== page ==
Creative direction, exhibition, activism.
Love and freedom to express love have always been among the most fundamental human needs, essential to build a happy and meaningful life. Yet, we can still encounter public opinions that perceive queer people as outsiders that have no place in our history. When people argue that homosexuality and the LGBT movement are trends "that were born in Western Europe," it’s no surprise - our history textbooks contain no mentions of homosexuality in our region.
What were the obstacles faced by men who loved men and women who loved women in the past? Were they able to find love in a time when society denied their human nature? Who were the first people in Czechoslovakia and Hungary who decided to fight “an ethical fight” for their dignity and right to self-identification?
This exhibition reveals the unknown stories of forbidden love over the past hundred years that still have a lot to teach us today.
A voice reading the notes of Imrich Matyáš describing a long and humiliating interrogation on his sexuality guides visitors through this unpleasant experience.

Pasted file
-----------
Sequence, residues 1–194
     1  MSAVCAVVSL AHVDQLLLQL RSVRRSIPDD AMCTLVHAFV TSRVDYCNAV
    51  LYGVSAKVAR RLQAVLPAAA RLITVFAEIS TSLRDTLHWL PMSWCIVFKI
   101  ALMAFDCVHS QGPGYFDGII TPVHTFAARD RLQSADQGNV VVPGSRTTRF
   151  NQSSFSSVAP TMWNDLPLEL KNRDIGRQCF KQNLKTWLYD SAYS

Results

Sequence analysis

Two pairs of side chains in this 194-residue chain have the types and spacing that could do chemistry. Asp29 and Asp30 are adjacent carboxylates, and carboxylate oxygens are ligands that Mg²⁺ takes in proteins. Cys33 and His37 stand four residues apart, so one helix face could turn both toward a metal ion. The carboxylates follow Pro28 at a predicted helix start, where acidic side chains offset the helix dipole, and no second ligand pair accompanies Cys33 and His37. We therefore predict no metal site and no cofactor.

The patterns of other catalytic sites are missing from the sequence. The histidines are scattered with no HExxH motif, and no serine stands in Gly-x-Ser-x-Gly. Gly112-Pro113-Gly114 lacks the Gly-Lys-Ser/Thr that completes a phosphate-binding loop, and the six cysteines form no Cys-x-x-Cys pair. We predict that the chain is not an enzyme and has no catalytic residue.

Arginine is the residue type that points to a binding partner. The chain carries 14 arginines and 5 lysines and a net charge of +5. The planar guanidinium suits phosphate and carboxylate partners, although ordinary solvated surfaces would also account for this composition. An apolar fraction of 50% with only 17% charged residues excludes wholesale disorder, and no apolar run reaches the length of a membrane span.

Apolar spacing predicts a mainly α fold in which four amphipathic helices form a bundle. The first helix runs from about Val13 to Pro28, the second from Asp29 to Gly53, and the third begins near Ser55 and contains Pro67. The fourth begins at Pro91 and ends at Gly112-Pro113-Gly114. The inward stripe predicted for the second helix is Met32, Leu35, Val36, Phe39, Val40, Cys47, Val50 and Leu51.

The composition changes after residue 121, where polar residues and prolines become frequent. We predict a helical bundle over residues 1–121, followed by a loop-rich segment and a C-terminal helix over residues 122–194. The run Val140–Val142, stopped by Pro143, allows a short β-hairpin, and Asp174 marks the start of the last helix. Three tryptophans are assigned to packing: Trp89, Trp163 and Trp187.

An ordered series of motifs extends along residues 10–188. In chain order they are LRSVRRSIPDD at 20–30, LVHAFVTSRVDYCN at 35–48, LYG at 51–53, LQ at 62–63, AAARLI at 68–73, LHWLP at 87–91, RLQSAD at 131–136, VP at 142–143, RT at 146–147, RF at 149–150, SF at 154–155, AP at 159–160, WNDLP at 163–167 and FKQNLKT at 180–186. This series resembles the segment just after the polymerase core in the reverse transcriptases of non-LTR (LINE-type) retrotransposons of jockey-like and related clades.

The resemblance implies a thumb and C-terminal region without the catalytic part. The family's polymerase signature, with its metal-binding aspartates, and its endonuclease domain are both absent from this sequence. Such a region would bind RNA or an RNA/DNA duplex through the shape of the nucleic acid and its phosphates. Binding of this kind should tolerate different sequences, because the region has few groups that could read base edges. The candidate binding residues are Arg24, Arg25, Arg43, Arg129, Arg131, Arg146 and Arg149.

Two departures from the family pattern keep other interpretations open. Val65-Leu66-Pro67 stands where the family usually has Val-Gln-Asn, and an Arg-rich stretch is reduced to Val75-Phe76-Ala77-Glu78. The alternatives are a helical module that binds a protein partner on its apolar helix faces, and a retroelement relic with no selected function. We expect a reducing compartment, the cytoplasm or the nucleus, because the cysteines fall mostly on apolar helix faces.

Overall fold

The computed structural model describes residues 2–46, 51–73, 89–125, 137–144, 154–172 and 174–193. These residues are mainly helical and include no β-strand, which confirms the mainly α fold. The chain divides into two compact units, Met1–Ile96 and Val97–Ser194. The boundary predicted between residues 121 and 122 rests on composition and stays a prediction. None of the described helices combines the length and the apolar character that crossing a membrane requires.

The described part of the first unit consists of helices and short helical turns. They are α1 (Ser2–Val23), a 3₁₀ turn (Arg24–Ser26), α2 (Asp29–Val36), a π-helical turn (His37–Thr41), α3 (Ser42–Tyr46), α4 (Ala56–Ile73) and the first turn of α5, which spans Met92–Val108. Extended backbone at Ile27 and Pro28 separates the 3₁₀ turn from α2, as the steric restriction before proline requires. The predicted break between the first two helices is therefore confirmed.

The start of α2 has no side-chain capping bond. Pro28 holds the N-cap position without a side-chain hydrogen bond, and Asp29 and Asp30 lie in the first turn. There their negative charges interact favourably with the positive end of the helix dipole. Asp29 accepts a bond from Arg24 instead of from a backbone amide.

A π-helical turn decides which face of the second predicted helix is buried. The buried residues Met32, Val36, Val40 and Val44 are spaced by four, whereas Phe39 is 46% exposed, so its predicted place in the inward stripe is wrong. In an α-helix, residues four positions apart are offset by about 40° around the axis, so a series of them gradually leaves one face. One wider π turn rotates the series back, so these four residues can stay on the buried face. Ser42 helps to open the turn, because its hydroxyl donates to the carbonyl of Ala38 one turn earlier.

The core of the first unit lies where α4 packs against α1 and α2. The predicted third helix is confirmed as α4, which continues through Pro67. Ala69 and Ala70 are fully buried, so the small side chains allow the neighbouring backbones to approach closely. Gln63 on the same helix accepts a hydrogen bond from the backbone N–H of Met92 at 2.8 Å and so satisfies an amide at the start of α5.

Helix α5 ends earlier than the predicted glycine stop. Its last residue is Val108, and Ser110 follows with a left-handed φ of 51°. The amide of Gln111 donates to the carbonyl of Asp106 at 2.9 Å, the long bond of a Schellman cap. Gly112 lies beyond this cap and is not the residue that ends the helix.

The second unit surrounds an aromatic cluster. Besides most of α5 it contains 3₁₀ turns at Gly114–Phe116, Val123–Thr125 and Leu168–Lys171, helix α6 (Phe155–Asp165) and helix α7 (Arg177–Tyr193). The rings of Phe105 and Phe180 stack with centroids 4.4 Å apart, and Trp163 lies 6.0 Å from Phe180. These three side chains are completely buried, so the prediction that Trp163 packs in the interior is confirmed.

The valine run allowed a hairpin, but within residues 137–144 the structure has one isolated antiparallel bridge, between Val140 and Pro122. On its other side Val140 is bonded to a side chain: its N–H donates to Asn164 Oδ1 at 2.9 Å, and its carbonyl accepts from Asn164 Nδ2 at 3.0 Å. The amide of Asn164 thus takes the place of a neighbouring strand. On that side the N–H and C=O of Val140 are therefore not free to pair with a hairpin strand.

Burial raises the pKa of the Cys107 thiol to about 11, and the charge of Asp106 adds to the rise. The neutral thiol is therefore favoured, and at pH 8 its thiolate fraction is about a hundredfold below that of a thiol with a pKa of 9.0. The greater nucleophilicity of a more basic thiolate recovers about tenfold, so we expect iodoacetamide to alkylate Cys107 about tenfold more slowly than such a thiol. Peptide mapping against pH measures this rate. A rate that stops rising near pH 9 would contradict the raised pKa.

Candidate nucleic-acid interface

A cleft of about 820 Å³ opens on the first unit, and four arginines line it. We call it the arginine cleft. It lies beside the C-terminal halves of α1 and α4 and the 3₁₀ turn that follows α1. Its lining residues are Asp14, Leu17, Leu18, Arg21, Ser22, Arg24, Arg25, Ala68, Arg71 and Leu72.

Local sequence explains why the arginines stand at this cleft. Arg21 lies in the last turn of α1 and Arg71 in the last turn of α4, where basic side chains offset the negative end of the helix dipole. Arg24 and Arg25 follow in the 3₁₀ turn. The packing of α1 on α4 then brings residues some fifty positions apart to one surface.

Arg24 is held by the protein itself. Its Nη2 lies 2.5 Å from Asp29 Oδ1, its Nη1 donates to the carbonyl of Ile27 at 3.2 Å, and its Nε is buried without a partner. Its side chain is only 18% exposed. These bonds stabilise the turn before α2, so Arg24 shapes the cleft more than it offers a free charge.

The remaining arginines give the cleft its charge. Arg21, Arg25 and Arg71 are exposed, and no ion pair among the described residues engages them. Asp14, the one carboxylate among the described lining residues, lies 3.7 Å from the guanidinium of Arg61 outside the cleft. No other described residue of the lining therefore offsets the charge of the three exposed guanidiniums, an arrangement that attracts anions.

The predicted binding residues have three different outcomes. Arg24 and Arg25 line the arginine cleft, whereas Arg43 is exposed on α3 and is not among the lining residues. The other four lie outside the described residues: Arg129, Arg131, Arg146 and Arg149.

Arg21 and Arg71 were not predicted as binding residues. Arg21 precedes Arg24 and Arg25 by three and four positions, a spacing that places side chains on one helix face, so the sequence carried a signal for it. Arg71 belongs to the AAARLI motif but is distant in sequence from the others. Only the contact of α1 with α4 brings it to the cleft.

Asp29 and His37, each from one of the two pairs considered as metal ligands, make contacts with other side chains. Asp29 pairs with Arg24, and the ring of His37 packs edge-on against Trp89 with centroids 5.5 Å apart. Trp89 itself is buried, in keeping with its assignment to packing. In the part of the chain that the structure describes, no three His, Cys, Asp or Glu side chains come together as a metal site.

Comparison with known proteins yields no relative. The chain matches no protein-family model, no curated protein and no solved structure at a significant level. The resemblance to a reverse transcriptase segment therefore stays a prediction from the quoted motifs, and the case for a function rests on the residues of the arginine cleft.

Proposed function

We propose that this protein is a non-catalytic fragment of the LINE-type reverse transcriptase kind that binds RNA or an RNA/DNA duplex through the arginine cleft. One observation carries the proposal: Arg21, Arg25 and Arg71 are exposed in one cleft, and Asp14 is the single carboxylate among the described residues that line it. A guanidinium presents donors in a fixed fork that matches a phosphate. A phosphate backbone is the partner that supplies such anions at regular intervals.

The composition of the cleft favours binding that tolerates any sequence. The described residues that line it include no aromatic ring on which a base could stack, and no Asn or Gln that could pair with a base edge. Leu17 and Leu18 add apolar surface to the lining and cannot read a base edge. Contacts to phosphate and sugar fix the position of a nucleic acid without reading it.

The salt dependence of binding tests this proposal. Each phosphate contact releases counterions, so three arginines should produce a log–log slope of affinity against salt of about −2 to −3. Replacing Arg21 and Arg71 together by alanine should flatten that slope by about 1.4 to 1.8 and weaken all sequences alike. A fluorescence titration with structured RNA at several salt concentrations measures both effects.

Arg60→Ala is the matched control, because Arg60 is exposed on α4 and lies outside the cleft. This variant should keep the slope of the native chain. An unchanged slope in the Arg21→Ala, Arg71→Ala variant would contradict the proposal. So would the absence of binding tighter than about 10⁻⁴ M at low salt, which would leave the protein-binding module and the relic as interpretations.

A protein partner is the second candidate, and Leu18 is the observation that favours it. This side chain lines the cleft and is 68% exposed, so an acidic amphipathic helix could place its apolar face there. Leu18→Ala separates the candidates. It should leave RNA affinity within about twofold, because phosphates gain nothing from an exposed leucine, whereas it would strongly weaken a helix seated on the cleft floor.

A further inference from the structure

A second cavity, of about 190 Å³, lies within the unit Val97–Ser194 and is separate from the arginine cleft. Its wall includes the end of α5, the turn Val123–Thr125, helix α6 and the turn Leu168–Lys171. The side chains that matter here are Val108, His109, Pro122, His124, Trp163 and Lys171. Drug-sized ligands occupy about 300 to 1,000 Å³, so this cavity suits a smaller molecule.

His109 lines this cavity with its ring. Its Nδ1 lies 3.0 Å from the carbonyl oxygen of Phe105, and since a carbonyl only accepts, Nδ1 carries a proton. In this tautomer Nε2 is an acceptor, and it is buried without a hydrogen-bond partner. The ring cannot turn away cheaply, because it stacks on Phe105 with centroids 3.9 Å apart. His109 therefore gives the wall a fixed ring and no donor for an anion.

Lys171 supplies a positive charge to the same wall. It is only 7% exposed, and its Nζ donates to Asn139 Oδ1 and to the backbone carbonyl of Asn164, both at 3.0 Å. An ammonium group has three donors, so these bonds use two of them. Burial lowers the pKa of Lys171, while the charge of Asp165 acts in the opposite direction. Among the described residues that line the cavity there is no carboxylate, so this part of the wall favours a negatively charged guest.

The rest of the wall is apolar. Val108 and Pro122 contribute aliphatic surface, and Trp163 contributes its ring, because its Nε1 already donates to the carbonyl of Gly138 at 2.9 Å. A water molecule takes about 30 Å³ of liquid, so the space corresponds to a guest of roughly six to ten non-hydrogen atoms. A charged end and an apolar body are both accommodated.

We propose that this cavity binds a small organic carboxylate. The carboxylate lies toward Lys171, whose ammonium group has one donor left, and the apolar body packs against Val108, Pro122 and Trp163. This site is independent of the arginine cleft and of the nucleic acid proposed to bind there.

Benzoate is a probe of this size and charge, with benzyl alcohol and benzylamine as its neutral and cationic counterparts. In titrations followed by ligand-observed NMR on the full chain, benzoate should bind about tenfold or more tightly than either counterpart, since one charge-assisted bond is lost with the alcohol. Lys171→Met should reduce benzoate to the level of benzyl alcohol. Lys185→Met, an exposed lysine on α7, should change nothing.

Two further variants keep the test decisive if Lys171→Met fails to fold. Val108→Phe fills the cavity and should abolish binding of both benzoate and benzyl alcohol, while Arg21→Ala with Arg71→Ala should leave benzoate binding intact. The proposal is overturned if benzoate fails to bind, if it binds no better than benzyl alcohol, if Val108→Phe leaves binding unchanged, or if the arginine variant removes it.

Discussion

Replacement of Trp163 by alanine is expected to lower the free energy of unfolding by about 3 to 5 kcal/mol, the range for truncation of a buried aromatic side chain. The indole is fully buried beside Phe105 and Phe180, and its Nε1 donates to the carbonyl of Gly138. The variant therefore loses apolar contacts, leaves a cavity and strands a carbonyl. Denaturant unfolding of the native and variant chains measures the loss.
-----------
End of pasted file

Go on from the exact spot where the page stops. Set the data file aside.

If I knew something like this was happening when I was twelve, I'd be much more relieved at that time. Thank you. Nina.
Though we didn't see Ru at the exhibiton we like to believe she was there.
Two printed illustrations based on historic photos and minimalist apparel featuring an embroidered gradient loading bar.
11. 9. - 15. 10. 2020
Authors of research papers:
Production and project management:
Revisions and translations:
Image documentation sources:
Arcanum, ba.foxy archive, archives of Jaromír Břoušek, archives of: Háttér, Iniciatíva Inakosť, Společnost pro queer paměť, Jana Jablonická-Zezulová, Jan Seidl, Judit Erzsébet Szabó, Gábor Takács-Bencze, Judit Takács, Zoltán Tölgyesy, TASR, wikimedia.org